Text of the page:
ICBR Cyberinfrastructure: Zoom into Safety

ICBR Cyberinfrastructure: Zoom into Security

Recent information has shown that Zoom is not able to encrypt ALL methods of entry into a meeting, i.e. by calling in on a phone. Although Zoom is doing its best to encrypt and secure our video meetings and chats, we should ensure all university data is securely handled and that we are acting exactly as we would in an office, (i.e. attire, language, etc.) in these meetings.



There have been countless recent reports, both at UF and outside of the university, of “Zoombombing”  (when an uninvited individual shows up in your Zoom meeting). Since our meetings typically wouldn’t feature a special unknown guest in a physical setting, we should be sure to follow the recommended guidelines by Zoom below (click the underlined text for more information on each):

  • Allow only signed-in users to join: If someone tries to join your event and isn’t logged into Zoom with the email they were invited through, they will receive this message:
  • Lock the meeting: It’s always smart to lock your front door, even when you’re inside the house. When you lock a Zoom Meeting that’s already started, no new participants can join, even if they have the meeting ID and password (if you have required one). In the meeting, click Participants at the bottom of your Zoom window. In the Participants pop-up, click the button that says Lock Meeting.
  • Set up your own two-factor authentication: You don’t have to share the actual meeting link! Generate a random Meeting ID when scheduling your event and require a password to join. Then you can share that Meeting ID on Twitter but only send the password to join via DM.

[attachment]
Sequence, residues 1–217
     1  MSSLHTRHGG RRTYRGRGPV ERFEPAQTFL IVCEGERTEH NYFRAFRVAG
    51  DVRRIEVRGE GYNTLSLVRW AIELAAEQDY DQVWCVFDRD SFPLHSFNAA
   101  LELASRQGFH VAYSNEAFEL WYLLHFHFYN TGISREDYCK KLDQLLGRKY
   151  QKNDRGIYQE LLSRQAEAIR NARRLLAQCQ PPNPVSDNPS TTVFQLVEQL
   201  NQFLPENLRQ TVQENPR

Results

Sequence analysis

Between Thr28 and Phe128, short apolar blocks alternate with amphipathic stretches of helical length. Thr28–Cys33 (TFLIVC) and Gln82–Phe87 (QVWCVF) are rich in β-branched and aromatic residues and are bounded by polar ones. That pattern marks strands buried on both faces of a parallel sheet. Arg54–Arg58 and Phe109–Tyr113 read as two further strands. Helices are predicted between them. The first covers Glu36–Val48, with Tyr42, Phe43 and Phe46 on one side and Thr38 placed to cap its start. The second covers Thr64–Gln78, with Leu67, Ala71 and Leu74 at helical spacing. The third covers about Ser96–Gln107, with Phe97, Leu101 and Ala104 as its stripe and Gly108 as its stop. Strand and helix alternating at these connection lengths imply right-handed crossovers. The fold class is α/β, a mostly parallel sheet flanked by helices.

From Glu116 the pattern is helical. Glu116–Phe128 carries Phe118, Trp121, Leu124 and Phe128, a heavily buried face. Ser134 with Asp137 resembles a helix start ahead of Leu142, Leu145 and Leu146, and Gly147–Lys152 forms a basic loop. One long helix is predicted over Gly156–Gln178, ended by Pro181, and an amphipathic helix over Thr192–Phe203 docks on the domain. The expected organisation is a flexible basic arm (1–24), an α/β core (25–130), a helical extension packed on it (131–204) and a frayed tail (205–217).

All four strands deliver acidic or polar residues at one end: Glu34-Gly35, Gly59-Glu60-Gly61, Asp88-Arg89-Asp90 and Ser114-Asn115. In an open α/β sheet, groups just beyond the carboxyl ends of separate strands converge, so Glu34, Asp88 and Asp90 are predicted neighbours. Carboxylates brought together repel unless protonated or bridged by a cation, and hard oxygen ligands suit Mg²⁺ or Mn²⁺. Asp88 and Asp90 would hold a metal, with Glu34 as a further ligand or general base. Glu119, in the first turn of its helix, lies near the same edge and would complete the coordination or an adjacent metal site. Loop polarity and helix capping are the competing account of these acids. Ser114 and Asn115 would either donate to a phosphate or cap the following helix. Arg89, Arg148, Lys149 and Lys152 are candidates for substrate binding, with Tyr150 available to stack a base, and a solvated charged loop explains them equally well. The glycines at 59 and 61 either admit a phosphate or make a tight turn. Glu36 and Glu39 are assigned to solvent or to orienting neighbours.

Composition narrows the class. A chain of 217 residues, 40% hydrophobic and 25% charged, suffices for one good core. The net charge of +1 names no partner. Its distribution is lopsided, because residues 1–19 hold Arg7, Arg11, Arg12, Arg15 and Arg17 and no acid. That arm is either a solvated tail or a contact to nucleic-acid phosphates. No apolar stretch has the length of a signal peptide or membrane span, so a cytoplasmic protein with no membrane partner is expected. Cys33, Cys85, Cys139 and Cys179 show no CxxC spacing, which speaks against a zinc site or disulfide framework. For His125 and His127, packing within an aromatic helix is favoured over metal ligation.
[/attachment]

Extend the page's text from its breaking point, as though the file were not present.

• Remove unwanted or disruptive participants: From that Participants menu, you can mouse over a participant’s name, and several options will appear, including Remove. Click that to kick someone out of the meeting.
  • Allow removed participants to rejoin: When you do remove someone, they can’t rejoin the meeting. But you can toggle your settings to allow removed participants to rejoin, in case you boot the wrong person.
  • Put ‘em on hold: You can put everyone else on hold, and the attendees’ video and audio connections will be disabled momentarily. Click on someone’s video thumbnail and select Start Attendee On Hold to activate this feature. Click Take Off Hold in the Participants list when you’re ready to have them back.
  • Disable video: Hosts can turn someone’s video off. This will allow hosts to block unwanted, distracting, or inappropriate gestures on video or for that time your friend’s inside pocket is the star of the show.
  • Mute participants: Hosts can mute/unmute individual participants or all of them at once. Hosts can block unwanted, distracting, or inappropriate noise from other participants. You can also enable Mute Upon Entry in your settings to keep the clamor at bay in large meetings.
  • Turn off file transfer: In-meeting file transfer allows people to share files through the in-meeting chat. Toggle this off to keep the chat from getting bombarded with unsolicited pics, GIFs, memes, and other content.
  • Turn off annotation: You and your attendees can doodle and mark up content together using annotations during screen share. You can disable the annotation feature in your Zoom settings to prevent people from writing all over the screens.
  • Disable private chat: Zoom has in-meeting chat for everyone or participants can message each other privately. Restrict participants’ ability to chat amongst one another while your event is going on and cut back on distractions. This is really to prevent anyone from getting unwanted messages during the meeting.”